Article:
LensCrafters eye exams
Founded in 1983, LensCrafters is the largest prescription eyewear retail company in the United States, with 917 stores across the country. They offer both online and in-store services that include a wide selection of lenses and frames, including popular brand names.
LensCrafters stores accept both walk-in and by-appointment clients, and eye exams are performed by an independent optometrist either in the store or an adjacent office. This is particularly convenient, as your glasses prescription will be updated automatically in the LenCrafters database at the time of your eye exam. Afterward, you can just walk back to the optical shop and have a trained frame stylist help you pick out new glasses.
How much does a LensCrafters eye exam cost?
Vision insurance is accepted at LensCrafters and can help cover the cost of an eye exam. If you have vision insurance and plan on using it, check in with LensCrafters and your location’s independent optometrist before you head to the store. Verifying your insurance eligibility ensures you won’t have any unwelcome surprises when you get there.
Without vision insurance, a routine eye exam at LensCrafters matches that of most other retail locations, beginning at about $77 to $80. According to our national survey, fees for eye exams at retail chains like LensCrafters can go as high as $150, based on the region and because each independent optometrist associated with LensCrafters sets their own pricing for exams. Additionally, exam discounts are available for members of AAA and AARP.
Are eye exams at LensCrafters the same as at a doctor’s office?
A routine eye exam with a doctor of optometry will generally be the same no matter where you go. You will be given a comprehensive eye exam, which includes refraction to determine your prescription and checks the overall health of your eyes. This process is painless and includes testing for:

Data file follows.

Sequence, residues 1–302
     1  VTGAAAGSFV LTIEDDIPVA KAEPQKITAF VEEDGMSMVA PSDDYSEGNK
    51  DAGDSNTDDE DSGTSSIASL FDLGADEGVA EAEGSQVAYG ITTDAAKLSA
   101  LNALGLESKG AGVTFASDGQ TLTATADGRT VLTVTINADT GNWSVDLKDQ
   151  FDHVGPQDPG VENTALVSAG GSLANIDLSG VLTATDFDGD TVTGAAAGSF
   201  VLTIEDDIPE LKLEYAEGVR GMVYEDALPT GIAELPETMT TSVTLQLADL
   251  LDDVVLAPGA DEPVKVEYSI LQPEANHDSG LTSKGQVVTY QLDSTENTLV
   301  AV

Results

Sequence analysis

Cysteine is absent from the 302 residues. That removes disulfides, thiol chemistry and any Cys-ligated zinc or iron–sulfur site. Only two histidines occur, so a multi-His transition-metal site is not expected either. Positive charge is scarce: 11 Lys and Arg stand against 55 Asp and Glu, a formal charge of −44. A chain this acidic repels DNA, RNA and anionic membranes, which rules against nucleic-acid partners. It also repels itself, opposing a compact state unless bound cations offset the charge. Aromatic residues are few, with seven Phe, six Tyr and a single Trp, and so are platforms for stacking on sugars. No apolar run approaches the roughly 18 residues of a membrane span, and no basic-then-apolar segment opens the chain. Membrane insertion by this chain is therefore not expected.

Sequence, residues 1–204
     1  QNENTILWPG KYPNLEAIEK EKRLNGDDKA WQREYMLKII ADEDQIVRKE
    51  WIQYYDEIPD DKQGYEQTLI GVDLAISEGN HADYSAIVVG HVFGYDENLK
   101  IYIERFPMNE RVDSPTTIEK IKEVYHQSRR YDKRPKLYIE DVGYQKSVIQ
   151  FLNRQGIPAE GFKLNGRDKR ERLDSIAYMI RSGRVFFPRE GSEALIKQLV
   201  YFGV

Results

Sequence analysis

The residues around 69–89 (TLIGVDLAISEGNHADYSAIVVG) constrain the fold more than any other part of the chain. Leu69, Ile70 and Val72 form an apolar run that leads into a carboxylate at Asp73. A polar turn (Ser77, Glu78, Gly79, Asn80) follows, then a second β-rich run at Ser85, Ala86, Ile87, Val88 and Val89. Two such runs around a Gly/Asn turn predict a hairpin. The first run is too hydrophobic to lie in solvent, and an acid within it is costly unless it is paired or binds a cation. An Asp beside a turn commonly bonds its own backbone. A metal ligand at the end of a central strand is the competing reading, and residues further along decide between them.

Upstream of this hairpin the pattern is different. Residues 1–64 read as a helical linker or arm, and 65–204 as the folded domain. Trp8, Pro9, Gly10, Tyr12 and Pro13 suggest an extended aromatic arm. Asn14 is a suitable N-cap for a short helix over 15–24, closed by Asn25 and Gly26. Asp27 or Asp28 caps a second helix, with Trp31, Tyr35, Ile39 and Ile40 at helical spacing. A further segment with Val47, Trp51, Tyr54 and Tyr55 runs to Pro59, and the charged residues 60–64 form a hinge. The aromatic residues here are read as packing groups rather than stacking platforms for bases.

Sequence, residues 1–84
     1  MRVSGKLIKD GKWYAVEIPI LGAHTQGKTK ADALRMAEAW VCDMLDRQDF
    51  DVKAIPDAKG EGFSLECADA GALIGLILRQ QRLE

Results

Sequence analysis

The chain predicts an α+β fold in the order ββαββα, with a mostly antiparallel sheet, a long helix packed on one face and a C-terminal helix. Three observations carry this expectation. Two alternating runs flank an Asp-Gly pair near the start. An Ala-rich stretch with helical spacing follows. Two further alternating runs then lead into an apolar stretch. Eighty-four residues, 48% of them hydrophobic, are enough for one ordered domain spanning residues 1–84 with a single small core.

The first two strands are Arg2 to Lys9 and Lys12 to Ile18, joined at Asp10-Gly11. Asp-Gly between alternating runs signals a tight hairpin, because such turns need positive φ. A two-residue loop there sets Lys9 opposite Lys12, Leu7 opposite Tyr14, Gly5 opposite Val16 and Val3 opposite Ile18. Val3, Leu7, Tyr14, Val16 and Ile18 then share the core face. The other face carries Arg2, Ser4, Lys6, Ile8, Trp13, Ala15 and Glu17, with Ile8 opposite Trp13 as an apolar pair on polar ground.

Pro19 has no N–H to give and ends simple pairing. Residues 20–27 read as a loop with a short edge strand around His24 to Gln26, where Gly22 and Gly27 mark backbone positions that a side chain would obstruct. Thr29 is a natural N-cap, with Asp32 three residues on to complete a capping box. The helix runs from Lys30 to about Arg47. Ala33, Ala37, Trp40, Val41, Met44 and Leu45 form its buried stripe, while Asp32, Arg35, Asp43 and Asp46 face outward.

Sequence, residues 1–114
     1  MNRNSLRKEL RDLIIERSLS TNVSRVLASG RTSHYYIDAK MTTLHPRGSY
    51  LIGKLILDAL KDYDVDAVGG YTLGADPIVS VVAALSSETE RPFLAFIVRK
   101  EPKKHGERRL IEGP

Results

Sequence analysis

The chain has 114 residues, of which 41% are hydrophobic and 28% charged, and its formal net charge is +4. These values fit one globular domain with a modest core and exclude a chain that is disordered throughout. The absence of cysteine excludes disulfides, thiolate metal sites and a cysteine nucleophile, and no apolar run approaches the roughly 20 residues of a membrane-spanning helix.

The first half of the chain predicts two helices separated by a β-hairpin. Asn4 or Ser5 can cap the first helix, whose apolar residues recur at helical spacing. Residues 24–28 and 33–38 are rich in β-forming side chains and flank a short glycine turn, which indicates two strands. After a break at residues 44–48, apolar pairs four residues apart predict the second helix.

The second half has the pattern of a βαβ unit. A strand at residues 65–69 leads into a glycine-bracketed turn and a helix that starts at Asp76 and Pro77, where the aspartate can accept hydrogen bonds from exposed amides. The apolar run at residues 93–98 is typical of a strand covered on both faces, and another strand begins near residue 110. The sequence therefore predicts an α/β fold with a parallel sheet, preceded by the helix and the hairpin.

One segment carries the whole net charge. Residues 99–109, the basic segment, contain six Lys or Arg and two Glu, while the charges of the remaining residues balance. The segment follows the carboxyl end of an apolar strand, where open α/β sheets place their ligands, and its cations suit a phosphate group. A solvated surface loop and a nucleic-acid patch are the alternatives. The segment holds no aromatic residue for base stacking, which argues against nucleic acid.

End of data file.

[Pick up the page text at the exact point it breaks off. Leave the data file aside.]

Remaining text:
The health of the inside of your eyes, including the clarity of your lens and the appearance of your retina, the thin layer of tissue in the back of your eye.
Fluid pressure inside your eyes.
How well your eyes move together.
Your side (peripheral) vision.
Color vision (including testing for color blindness).
The four main refractive errors — nearsightedness, farsightedness, astigmatism and presbyopia.
In addition to using a slit lamp and other instruments to look at your eyes, digital imaging technology captures detailed information that your eye doctor can view on a monitor or printout.
Most cases of mild or moderate refractive error can be easily corrected using prescription glasses or contact lenses. You’ll receive your vision prescription after your eye exam, and it will automatically update in the LensCrafters system as well.
If you want, you can then work with a trained Frame Stylist to choose the frames that look and work best for you. You can also use your prescription to get prescription glasses, sunglasses and contact lenses anywhere — not just at LensCrafters.
Where to go for more serious or long-term conditions
If you are experiencing unusual eye-related symptoms, or have concerns about more serious eye conditions, you may want to consider scheduling an eye exam with an eye doctor at a private practice or medical center.
While an optometrist at LensCrafters has the same training, licensing and qualifications as any other optometrist, a private medical setting may be better equipped for an eye doctor to diagnose and treat more long-term or serious eye conditions.
Eye doctors in group settings can also consult with each other for a second opinion if one is needed.
Alternatives to LensCrafters
While LensCrafters is the biggest prescription eyewear chain in the U.S., there are many other options available. Walmart offers eye exams with licensed independent optometrists at an affordable price, as well as a reasonable selection of eyeglass frames. America's Best is another location to consider.
Eye exams at Target Optical locations are located in or outside the department store. Like Walmart, eye doctors at Target also tend to operate independently.
Wholesale clubs like Costco and Sam’s Club also offer well-priced eye exams, even if you aren’t a member. A membership is only required if you want to buy glasses, contact lenses or eye care products after your exam.
Customer reviews of optical retailers can vary depending on location, so it’s a good idea to check them out. Once you make your final decision, you can feel confident that you will always be seen by a licensed eye doctor and receive an updated vision prescription when you’re done.
Page published on Wednesday, March 31, 2021